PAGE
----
Iowa church: law requiring public accommodations for gender identity and sexual orientation violates religious protections

Federal judge in Iowa asked to block enforcement actions

  • Photo

DES MOINES — The attorney for a church in Des Moines told a federal judge Wednesday Iowa is the only state attempting to enforce sexual orientation and gender identity public accommodations standards for religious institutions even if they conflict with the house of worship’s beliefs and practices.

“This is unprecedented,” said Steve O’Ban, a lawyer with Arizona-based Alliance Defending Freedom. He urged U.S. District Judge Stephanie Rose to grant injunctive and declaratory relief stopping the potential for government interference with Fort Des Moines Church of Christ’s exercise of its religious freedom.

“This has never happened before,” he said.

The church and its advocates are challenging an Iowa Civil Rights Commission position on gender identity protections they regard as intrusive, saying they fear the panel’s subjective interpretation of Iowa’s anti-discrimination law could allow it to “sift through” the church’s religious practices in violation of constitutional protections.

Assistant Iowa Attorney General Molly Weber said the church’s “pre-enforcement challenge” lawsuit is a case of “unreasonable fear” over “hypothetical” state action that has not been contemplated regarding the operation of religious institutions.

The state’s attorney argued the lawsuit should be dismissed because the federal court has no jurisdiction given no controversy exists over the application or enforcement of Iowa’s public accommodation law under the state’s Civil Rights Act, there is no claim on which relief can be granted and the church failed to exhaust its administration remedies by bringing the issue before the commission rather than taking the issue straight to court.

“It’s a kitchen sink approach, frankly,” Weber said of the church’s legal challenge.

The legal action was touched off by wording in a commission publication providing guidance for a 2007 law that expanded Iowa’s civil rights act to add sexual orientation and gender identity to the classifications protected from discrimination. A question-and-answer section in the commission publication asked if the law applied to churches and answered by saying: “Sometimes. Iowa law provides that these protections do not apply to religious institutions with respect to any religion-based qualifications when such qualifications are related to a bona fide religious purpose.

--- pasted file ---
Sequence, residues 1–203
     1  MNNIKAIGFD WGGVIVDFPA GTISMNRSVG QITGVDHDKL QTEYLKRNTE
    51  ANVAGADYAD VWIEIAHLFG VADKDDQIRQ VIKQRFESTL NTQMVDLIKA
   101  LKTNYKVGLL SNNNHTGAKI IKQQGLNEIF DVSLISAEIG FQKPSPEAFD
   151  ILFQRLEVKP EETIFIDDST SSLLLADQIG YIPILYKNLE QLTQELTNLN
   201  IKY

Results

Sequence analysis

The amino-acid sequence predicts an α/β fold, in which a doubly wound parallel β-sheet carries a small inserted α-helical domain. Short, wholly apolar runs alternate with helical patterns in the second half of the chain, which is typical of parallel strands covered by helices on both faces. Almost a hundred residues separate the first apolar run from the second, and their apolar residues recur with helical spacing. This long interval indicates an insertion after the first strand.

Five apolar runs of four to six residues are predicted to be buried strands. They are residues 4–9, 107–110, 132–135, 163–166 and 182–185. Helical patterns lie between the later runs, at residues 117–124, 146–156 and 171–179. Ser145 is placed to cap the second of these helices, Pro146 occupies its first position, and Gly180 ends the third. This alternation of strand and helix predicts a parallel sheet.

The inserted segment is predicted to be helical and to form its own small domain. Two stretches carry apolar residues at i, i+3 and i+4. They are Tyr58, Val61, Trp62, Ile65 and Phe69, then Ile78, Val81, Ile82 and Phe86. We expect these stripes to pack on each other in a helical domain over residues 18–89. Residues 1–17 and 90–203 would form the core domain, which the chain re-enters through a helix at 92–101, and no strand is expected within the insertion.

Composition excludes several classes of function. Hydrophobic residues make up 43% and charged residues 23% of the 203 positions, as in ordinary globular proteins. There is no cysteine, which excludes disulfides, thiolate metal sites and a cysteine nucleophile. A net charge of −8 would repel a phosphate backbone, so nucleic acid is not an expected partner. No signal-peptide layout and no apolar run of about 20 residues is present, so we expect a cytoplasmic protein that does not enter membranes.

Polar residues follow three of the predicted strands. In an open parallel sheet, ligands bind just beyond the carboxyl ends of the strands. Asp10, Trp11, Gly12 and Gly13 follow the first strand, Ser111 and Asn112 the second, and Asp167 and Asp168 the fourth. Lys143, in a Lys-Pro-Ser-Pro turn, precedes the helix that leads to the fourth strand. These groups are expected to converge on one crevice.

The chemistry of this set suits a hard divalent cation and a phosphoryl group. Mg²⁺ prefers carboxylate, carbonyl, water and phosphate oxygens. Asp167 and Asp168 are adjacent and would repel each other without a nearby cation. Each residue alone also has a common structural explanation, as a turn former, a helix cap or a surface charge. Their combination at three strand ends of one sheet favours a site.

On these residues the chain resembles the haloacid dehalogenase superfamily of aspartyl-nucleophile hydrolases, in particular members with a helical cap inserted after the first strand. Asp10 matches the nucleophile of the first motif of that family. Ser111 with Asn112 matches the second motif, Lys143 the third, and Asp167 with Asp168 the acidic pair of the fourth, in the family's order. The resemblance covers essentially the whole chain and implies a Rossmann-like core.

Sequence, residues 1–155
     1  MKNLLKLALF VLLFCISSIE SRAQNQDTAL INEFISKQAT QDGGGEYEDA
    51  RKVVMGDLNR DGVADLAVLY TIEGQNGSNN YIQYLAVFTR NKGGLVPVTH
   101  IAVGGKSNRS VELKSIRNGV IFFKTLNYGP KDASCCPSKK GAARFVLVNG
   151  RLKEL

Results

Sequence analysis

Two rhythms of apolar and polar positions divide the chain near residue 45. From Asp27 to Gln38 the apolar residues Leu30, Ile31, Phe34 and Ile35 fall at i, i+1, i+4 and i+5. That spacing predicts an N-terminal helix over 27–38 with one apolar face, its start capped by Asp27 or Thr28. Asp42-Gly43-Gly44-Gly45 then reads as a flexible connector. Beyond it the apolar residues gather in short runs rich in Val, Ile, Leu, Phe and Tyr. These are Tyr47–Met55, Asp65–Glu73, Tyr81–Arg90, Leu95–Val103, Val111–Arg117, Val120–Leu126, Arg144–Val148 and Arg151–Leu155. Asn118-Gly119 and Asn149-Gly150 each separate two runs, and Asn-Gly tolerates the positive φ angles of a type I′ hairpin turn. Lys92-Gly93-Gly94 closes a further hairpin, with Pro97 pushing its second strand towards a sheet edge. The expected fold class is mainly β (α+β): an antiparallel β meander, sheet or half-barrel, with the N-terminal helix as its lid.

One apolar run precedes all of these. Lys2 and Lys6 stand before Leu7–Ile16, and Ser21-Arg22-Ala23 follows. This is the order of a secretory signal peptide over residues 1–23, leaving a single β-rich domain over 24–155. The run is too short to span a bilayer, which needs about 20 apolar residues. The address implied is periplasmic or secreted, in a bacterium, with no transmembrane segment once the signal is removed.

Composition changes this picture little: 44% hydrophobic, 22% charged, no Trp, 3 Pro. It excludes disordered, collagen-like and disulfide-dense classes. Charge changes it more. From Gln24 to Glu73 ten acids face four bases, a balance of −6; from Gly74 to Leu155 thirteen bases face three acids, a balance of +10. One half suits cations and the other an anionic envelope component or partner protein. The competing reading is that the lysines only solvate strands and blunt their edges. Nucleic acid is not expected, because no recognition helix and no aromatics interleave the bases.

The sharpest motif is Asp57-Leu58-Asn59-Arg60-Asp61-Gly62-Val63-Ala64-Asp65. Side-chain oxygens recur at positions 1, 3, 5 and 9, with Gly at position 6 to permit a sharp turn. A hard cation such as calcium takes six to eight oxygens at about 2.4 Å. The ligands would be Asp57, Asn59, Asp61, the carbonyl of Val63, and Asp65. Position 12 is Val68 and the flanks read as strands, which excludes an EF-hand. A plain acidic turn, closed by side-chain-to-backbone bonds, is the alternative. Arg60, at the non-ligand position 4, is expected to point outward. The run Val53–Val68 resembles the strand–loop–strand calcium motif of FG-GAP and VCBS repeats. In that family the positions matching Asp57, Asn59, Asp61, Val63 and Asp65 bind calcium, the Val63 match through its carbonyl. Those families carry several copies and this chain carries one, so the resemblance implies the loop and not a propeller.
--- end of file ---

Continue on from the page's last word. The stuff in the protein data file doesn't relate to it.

“Where qualifications are not related to a bona fide religious purpose, churches are still subject to the law’s provisions (e.g. a child care facility operated at a church or a church service open to the public).”

Shortly after the lawsuit was filed, the commission revised its website to note that places of worship, such as churches, synagogues, mosques, “are generally exempt from the Iowa law’s prohibition of discrimination, unless the place of worship engages in non-religious activities which are open to the public. For example, the law may apply to an independent day care or polling place located on the premises of the place of worship.”

During Wednesday’s hearing, Weber conceded the commission language is “awkward” in places but generally shielded bona fide religious purposes and activities, although she said there were facts and circumstances that would have to be decided on a case-by-case basis such as when churches are used as polling places during elections or rent their facilities for functions unrelated to their religious tenets.

O’Ban countered that the commission’s guidelines are vague and subjective, telling the judge “that vagueness has had and continues to have a chilling effect on my client’s First Amendment rights.” While the case dealt solely with the Des Moines church, a sizable number of interested spectators who attended the court hearing as spectators were pastors of churches in other Iowa communities.

“Iowa really is an outlier, your honor,” O’Ban told the federal judge.

Michelle Mackel-Wiederanders, an attorney representing the city of Des Moines — also named in the lawsuit — noted the state commission’s brochure is not a legal advisory opinion and said there is “no concrete actual or imminent threat” of enforcement based upon the wording of a leaflet or complaints from religious entities filed with the city.

“We’re in the land of hypotheticals,” she said.

Rose noted public accommodations issues for churches carry a different connotation when they are used as polling places where members of the public cast votes in government-run elections. She said “an easy fix” to that complication would be for government entities to seek out other locations to conduct the secular balloting.

Rose told the attorneys at the close of Wednesday’s hearing that she would issue on opinion on the church’s request for injunctive relief “as quickly as possible.”

Give us feedback

Have you found an error or omission in our reporting? Tell us here.
Do you have a story idea we should look into? Tell us here.